The first thing you should do to prepare for mediation is ensure that you are emotionally and mentally prepared for the process. Discuss it with a trusted family member, friend, or professional such as a therapist. Be prepared to make concessions and compromises, as otherwise the mediation is almost guaranteed to fail. If you want to discuss schooling, it helps to come prepared with information about the relevant school/s (such as fees, curriculum, and extra-curricular activities) to provide the other party with. Similarly, if you want to discuss medical issues such as orthodontics relevant information such as fees and timeframes will be helpful. For financial matters, it is essential that all parties make full and frank disclosure of all significant assets (including superannuation), liabilities and financial resources (such as expected inheritances or compensation payouts) in their possession or control. For real estate, a real estate appraisal or formal valuation will likely be necessary.
As a family therapist and child consultant, I also offer child-inclusive mediation (CIM) services, drawing upon my dual qualifications and experience in both law and psychology. My CIM services are only provided in person. I do not conduct CMIs over Zoom as this could expose children to undue influence out of sight from the camera. I empower school-age children with a safe space to voice their lived experience. This can involve play and art therapy. I screen caregivers to safeguard against them using the children’s lived experience as a weapon against each other. I assess children for signs of trauma, attachment issues and third-party influence such as coaching or parental alienation. I reassure children that the dispute between their caregivers isn’t their fault, and encourage them to express their needs, concerns, and overall wishes. I discourage children from attempting to make decisions about their relationships with significant caregivers, such as who they live with and how much time they spend with them. To address the potential conflict of interest of me acting as both a mediator and child consultant / family therapist, I only disclose children’s wishes when they expressly ask me to do so. This process is non-reportable and cannot be used in Court proceedings.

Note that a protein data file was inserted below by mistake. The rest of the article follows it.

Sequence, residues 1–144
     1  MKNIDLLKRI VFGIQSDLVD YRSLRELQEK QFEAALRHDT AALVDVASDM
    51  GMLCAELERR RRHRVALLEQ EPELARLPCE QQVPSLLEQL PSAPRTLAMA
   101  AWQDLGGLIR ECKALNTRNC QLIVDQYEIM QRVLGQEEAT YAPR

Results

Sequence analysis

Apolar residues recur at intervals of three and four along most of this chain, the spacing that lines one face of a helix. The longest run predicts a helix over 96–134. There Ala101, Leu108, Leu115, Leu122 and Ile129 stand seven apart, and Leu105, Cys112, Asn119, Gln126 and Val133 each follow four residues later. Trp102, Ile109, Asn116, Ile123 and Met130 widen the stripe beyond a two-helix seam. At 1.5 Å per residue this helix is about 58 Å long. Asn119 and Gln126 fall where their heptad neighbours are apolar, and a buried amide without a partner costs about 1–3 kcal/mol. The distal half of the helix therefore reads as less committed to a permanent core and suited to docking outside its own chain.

A CIM has two parts. Part 1 involves me spending time with the children and their significant caregivers (usually parents). Part 2 involves mediating the issues in dispute between the parties with the agenda items being informed by the children’s lived experience.
I spend the morning of the CIM with significant caregivers (usually parents) and children either at my mediation and therapy rooms in Palm Beach on the Gold Coast or at a park or shopping centre near the CIM venue. I also observe how caregivers interact with the children. Caregivers can observe my interactions with the children from a safe distance but not within earshot, to afford children the benefit of both safety and privacy. After meeting with the children for 1-2 hours, I then debrief with the caregivers. Additional issues are sometimes raised during the debrief, which may necessitate me spending further time with the children during the morning session. The afternoon session can also occur at my rooms if lawyers are not attending. If there are numerous children involved or particularly complicated issues to consider, I may run the CIM over two days. Under these circumstances, Part 1 would occur on the first day and Part 2 would occur on the second day.